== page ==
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The Ruminations and Reflections of an Armchair Philosopher

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Not for me 😔

Don't be fooled by the synopsis: nothing about this felt humorous, just endlessly sad. Poetry is difficult to review but this was not for me

Synopsis

The goal of this book is to encourage the reader to think and laugh. Utilizing common sense, humor and wit this book follows in a long tradition of Armchair Philosophy, written specifically for the general public. Thomas More’s “Utopia,” is a fine example of Armchair Philosophy. More tried to envision a nation in the New World built on common sense and common courtesy. In English the prose is pure poetry, and the humor is magical. Bertrand Russell published “The History of Western Philosophy” out of a concern that Western Philosophy had become too arcane and intellectual to be relevant to the general public. While academic, Russel’s book is full of profound insights and humor. Armchair Philosophy is another approach to this challenge. This book less than 100 pages long because in an era of sound bites and tweets, very few of us have the time or patience for a book that is longer. To create a book that has a 21st century look and feel, this book uses a large book format and a type size that is easy read. Finally this book explores the nature of being safe using wit, humor and common sense.

As a Philosophy Major, I have to be honest, I haven’t touched a philosophy text since university. Education ruined what I once loved about philosophy, but reading Kelly’s synopsis, I was ready to find that joy again with The Rumination’s and Reflections of an Armchair Philosopher (but I was a little concerned when I noticed the title had an apostrophe…).


This book was (unexpectedly) poetry & prose. Maybe that’s my fault: is this what Armchair Philosophy consists of? In the case of Kelly’s poetry, many of them relate to his daily life, his trips, his experiences with cars, or as a business analyst, and yes, there are some deep thoughts woven in but I find it difficult to feel moved.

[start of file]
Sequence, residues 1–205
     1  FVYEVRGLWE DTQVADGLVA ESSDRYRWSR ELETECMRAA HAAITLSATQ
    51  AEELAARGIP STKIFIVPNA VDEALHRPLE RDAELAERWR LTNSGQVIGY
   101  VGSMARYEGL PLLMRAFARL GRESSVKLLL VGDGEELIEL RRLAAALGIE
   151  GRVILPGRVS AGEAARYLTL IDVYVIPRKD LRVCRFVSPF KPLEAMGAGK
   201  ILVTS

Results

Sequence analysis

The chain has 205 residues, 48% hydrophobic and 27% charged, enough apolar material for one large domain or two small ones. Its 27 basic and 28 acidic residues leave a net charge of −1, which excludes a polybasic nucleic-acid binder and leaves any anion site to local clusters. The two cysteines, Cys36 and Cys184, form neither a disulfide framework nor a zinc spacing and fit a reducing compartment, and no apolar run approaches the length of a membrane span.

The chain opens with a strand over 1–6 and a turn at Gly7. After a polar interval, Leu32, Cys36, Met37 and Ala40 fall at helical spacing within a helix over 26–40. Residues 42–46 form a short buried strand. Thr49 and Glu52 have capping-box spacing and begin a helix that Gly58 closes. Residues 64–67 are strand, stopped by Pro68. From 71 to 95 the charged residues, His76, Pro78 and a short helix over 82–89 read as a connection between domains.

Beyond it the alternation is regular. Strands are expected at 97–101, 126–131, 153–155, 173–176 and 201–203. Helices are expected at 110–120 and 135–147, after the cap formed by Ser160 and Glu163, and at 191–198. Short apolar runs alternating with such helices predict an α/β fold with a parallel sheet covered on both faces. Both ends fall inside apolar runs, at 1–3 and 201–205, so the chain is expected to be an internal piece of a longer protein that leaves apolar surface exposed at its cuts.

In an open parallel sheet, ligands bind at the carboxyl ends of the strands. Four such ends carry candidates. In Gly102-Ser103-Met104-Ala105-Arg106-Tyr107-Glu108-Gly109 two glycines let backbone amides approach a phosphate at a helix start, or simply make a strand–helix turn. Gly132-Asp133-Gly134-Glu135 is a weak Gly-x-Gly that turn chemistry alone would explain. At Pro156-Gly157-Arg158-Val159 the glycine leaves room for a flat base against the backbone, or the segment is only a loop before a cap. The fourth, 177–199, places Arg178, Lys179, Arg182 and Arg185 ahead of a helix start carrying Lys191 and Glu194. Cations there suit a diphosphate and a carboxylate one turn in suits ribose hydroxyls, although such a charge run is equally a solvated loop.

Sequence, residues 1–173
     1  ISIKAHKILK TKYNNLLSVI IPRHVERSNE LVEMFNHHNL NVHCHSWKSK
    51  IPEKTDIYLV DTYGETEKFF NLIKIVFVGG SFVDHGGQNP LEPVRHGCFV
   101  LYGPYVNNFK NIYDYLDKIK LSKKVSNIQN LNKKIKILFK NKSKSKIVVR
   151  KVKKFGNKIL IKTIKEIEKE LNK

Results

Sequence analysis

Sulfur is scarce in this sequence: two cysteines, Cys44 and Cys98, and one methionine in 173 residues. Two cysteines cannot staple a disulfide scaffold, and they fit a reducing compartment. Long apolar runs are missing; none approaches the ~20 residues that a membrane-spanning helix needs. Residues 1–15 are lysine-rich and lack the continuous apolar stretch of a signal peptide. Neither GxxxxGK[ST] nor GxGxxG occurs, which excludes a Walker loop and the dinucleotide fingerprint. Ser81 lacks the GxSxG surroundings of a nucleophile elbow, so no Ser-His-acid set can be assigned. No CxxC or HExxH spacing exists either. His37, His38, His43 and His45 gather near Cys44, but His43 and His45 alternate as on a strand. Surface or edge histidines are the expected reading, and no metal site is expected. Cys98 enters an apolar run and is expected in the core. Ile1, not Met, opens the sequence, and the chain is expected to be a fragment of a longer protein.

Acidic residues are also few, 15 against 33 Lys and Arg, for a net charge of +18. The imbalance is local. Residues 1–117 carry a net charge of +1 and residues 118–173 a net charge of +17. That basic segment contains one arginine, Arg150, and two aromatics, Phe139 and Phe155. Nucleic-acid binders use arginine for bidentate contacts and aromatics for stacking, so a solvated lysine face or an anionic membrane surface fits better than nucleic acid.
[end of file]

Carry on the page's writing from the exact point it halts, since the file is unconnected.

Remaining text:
Some poetry was a bit bizarre with lines like, “Welcome to “Clinical Psychology 101” I am retired Colonel Blah-de-blah-blah-blah” but it’s difficult to “rate poetry” - though, quite honestly, this compilation was a whole bunch of strange to me.


The entire book felt very much like a mid-life crisis in PDF form. That reads harsh, but I don’t intend it to; I mean it’s someone desperate to know their life purpose and voice before time runs out. It was actually quite sad to read through these poems. It was advertised as humorous and I thought that meant it would be a pick-me-up text, but I read a sad man. I’m not sure how accurate that is, but that’s how it read. Many poems in the latter half read like a man who left a therapist’s appointment feeling vulnerable and disrespected.


It ends with essays written in prose and stream-of-consciousness writing (my least favourite type of writing) and… I’m not sure what to think of these. They made me even sadder. This entire book made me feel the energy of “sad”. The author writes that humor is intended with the poems from the book, but… I didn’t laugh, and didn’t feel joy.


Did I like this book? Not really. Will some people like this book? Probably. Did this book make me feel good, made me feel immersed in the humor and wit that the synopsis stated? Not at all. Did I understand it? Probably not. Was it well written? Well, the poetry was well written if the content is your cup-of-tea, but the prose essays were not in a style I enjoy. 


If anyone is interested, my favourite poem was: Bewildered.

This took me 40 minutes to read (which fit with the intent of the author - he emphasized that we live in a “tweet” generation, and didn’t want his book to be too long).

Reviewed by